Meanwhile, in March 1999, petitioner Pacifico Lim, as president of DPDCI, filed an Application for Alteration of Plan4 pertaining to the construction of 22 storage units in the spaces adjunct to the parking area of the building. The application, however, was disapproved as the proposed alteration would obstruct light and ventilation. In August 2004, through its Board,5 PHCC approved a settlement offer from DPDCI for the set-off of the latters association dues arrears with the assignment of title over CCT Nos. 21030 and PT-27396/C-136-II and their conversion into common areas. Thus, CCT Nos. PT-43400 and PT-43399 were issued by the Registrar of Deeds of Pasig City in favor of PHCC in lieu of the old titles. The said settlement between the two corporations likewise included the reversion of the 22 storage spaces into common areas. With the conformity of PHCC, DPDCIs application for alteration (conversion of unconstructed 22 stor age units and units GF4-A and BAS from saleable to common areas) was granted by the Housing and Land Use Regulatory Board (HLURB).6 In August 2008, petitioners, as condominium unit-owners, filed a complaint7 before the HLURB against DPDCI for unsound business practices and violation of the MDDR. The case was docketed as REM- 08050813906. They alleged that DPDCI committed misrepresentation in their circulated flyers and brochures as to the facilities or amenities that would be available in the condominium and failed to perform its obligation to comply with the MDDR. In defense, DPDCI denied that it had breached its promises and representations to the public concerning the facilities in the condominium. It alleged that the brochure attached to the complaint was "a mere preparatory draft" and not the official one actually distributed to the public, and that the said brochure contained a disclaimer as to the binding effect of the supposed offers therein. Also, DPD CI questioned the petitioners personality to sue as the action was a derivative suit. After due hearing, the HLURB rendered its decision 8 in favor of petitioners. It held as invalid the agreement entered into between DPDCI and PHCC, as to the alteration or conversion of the subject units into common areas, which it previously approved, for the reason that it was not approved by the majority of the members of PHCC as required under Section 13 of the MDDR. It stated that DPDCIs defense, that the brochure wa s a mere draft, was against human experience and a convenient excuse to avoid its obligation to provide the facility of the project. The HLURB further stated that the case was not a derivative suit but one which involved contracts of sale of the respective units between the complainants and DPDCI, hence, within its jurisdiction pursuant to Section 1, Presidential Decree (P.D.) No. 957 (The Subdivision and Condominium Buyers Protective Decree), as amended. The decretal portion of the HLURB decision reads: WHEREFORE, in view of the foregoing, judgment is hereby rendered: 1. Ordering respondent to restore/provide proper gym facilities, to restore the hallway at the mezzanine floor. 2. Declaring the conversion/alteration of 22 storage units and Units GF4-A and BAS as illegal, and consequently, and ordering respondent to continue paying the condominium dues for these units, with interest and surcharge. 3. Ordering the Respondent to pay the sum of Php998,190.70, plus interests and surcharges, as condominium dues in arrears and turnover the administration office to PHCC without any charges pursuant to the representation of the respondent in the brochures it circulated to the public with a corresponding credit to complainants individual shares as members of PHCC entitled to such refund or reimbursements.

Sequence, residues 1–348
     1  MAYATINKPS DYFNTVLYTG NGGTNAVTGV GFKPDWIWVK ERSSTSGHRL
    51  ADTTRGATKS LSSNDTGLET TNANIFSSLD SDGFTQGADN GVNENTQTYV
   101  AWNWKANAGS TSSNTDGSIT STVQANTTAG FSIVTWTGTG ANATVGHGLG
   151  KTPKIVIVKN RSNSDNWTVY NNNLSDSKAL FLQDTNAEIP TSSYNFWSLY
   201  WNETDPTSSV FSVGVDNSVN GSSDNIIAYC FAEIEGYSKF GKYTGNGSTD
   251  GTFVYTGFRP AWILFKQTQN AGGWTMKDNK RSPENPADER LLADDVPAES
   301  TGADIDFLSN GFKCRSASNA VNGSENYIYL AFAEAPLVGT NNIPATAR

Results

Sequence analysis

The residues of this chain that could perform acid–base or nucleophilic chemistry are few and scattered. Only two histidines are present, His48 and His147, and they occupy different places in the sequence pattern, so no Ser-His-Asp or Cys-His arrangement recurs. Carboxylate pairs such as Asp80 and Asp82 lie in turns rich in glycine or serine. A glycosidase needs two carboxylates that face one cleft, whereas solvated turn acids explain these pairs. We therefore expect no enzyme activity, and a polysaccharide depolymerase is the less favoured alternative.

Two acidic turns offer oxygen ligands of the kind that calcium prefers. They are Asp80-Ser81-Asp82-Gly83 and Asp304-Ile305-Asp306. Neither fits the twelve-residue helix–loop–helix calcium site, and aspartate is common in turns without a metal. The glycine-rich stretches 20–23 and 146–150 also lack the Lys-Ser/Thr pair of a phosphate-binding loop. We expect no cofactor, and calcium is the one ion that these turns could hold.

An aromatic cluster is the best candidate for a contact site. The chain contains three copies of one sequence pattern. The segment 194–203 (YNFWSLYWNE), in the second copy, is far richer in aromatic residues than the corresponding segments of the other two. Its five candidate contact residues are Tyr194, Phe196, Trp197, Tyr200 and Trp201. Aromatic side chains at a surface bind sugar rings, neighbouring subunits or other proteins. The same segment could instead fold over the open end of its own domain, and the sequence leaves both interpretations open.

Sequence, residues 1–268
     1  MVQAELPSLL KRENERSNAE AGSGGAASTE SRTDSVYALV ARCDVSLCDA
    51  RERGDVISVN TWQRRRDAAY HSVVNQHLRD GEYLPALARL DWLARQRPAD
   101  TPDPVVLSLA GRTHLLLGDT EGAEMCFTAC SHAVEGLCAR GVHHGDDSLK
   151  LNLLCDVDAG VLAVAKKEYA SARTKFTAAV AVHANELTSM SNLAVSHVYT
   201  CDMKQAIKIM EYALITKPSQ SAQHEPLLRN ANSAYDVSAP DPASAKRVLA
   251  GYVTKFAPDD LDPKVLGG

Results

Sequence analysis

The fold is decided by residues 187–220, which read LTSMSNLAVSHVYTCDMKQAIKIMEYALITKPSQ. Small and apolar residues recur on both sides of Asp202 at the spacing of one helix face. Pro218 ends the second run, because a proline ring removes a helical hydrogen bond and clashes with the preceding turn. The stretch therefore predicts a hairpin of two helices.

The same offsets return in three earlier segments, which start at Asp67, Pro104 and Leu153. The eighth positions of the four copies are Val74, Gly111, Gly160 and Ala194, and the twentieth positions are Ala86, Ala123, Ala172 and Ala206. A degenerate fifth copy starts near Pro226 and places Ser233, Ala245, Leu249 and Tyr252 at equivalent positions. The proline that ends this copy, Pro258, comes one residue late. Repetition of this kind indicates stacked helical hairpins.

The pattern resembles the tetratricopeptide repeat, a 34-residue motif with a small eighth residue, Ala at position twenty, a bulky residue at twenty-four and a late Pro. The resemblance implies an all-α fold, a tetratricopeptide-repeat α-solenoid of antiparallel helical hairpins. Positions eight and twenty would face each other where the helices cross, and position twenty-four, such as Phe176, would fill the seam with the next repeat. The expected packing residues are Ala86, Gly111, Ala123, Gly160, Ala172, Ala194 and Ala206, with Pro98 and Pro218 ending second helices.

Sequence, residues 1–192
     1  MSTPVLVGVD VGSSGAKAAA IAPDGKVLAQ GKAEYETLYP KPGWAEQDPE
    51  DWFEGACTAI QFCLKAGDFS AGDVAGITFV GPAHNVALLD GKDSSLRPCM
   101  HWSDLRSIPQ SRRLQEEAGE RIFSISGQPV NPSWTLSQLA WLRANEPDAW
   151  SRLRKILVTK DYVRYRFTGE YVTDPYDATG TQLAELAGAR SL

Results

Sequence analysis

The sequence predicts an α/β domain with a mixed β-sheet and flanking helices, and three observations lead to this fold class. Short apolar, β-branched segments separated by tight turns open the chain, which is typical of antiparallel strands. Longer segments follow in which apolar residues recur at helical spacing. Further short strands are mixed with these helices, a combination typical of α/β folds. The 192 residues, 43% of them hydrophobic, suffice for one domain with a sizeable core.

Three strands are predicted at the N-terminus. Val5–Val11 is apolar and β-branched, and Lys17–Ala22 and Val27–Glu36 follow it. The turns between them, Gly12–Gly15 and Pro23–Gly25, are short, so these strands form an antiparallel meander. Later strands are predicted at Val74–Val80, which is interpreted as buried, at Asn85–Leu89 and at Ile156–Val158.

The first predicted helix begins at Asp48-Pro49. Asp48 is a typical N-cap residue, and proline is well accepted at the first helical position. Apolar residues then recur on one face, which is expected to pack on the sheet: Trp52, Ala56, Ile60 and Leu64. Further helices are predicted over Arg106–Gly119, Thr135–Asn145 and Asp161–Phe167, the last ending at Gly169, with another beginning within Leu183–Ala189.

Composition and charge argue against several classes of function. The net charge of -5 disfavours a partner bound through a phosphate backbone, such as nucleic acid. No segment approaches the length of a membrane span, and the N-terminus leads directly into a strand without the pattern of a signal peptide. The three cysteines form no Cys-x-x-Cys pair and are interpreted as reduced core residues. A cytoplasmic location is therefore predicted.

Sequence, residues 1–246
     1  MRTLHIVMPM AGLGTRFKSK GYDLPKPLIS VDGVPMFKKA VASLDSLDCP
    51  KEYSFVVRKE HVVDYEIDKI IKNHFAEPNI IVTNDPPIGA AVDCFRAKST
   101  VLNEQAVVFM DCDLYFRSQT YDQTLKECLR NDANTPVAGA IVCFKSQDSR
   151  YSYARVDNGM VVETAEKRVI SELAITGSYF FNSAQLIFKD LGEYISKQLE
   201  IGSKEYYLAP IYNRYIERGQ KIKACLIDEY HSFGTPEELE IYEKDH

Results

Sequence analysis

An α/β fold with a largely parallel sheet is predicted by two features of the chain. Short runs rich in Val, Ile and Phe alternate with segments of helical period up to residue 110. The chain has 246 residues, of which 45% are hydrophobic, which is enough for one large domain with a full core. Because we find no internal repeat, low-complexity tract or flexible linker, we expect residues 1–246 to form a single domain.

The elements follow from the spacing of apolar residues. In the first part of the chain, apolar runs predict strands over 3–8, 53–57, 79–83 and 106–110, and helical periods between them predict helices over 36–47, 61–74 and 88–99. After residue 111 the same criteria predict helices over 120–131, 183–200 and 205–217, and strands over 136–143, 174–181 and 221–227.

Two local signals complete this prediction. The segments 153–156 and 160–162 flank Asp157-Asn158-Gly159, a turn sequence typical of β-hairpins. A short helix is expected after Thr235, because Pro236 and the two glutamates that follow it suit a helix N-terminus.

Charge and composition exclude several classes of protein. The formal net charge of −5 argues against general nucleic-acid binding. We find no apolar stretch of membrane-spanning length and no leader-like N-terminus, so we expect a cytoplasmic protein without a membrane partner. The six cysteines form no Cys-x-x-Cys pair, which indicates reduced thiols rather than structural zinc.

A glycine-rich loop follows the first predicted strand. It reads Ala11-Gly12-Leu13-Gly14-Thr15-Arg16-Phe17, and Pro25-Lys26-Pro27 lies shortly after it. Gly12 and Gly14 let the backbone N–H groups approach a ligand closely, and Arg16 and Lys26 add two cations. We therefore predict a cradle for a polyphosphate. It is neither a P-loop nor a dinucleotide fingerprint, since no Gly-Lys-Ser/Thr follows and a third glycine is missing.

IT IS SO ORDERED.9 Aggrieved, DPDCI filed with the CA its Petition for Certiorari and Prohibition 10 dated August 11, 2009, on the ground that the HLURB decision was a patent nullity constituting an act without or beyond its jurisdiction and that it had no other plain, speedy and adequate remedy in the course of law. On March 17, 2010, the CA rendered the assailed decision which disposed of the case in favor of DPDCI as follows: WHEREFORE, in view of the foregoing, the petition is GRANTED. Accordingly, the assailed Decision of the HLURB in Case No. REM-0800508-13906 is ANNULLED and SET ASIDE and a new one is entered DISMISSING the Complaint a quo. IT IS SO ORDERED.11 The CA ruled that the HLURB had no jurisdiction over the complaint filed by petitioners as the controversy did not fall within the scope of the administrative agencys authority under P.D. No. 957. The HLURB not only relied heavily on the brochures which, according to the CA, did not set out an enforceable obligation on the part of DPDCI, but also erroneously cited Section 13 of the MDDR to support its finding of contractual violation. The CA held that jurisdiction over PHCC, an indispensable party, was neither acquired nor waived by estoppel. Citing Carandang v. Heirs of De Guzman,12 it held that, in any event, the action should be dismissed because the absence of PHCC, an indispensable party, rendered all subsequent actuations of the court void, for want of authority to act, not only as to the absent parties but even as to those present. Finally, the CA held that the rule on exhaustion of administrative remedies could be relaxed. Appeal was not a speedy and adequate remedy as jurisdictional questions were continuously raised but ignored by the HLURB. In the present case, however, "[t]he bottom line is that the challenged decision is one that had been rendered in excess of jurisdiction, if not with grave abuse of discretion amounting to lack or excess of jurisdiction." 13 Petitioners filed a motion for reconsideration14 of the said decision. The motion, however, was denied by the CA in its Resolution dated October 7, 2010. Hence, petitioners interpose the present petition before this Court anchored on the following GROUNDS (1) THE COURT OF APPEALS ERRED IN HOLDING THAT THE HLURB HAS NO JURISDICTION OVER THE INSTANT CASE; (2) THE COURT OF APPEALS ALSO ERRED IN FINDING THAT PHCC IS AN INDISPENSABLE PARTY WHICH WARRANTED THE DISMISSAL OF THE CASE BY REASON OF IT NOT HAVING BEEN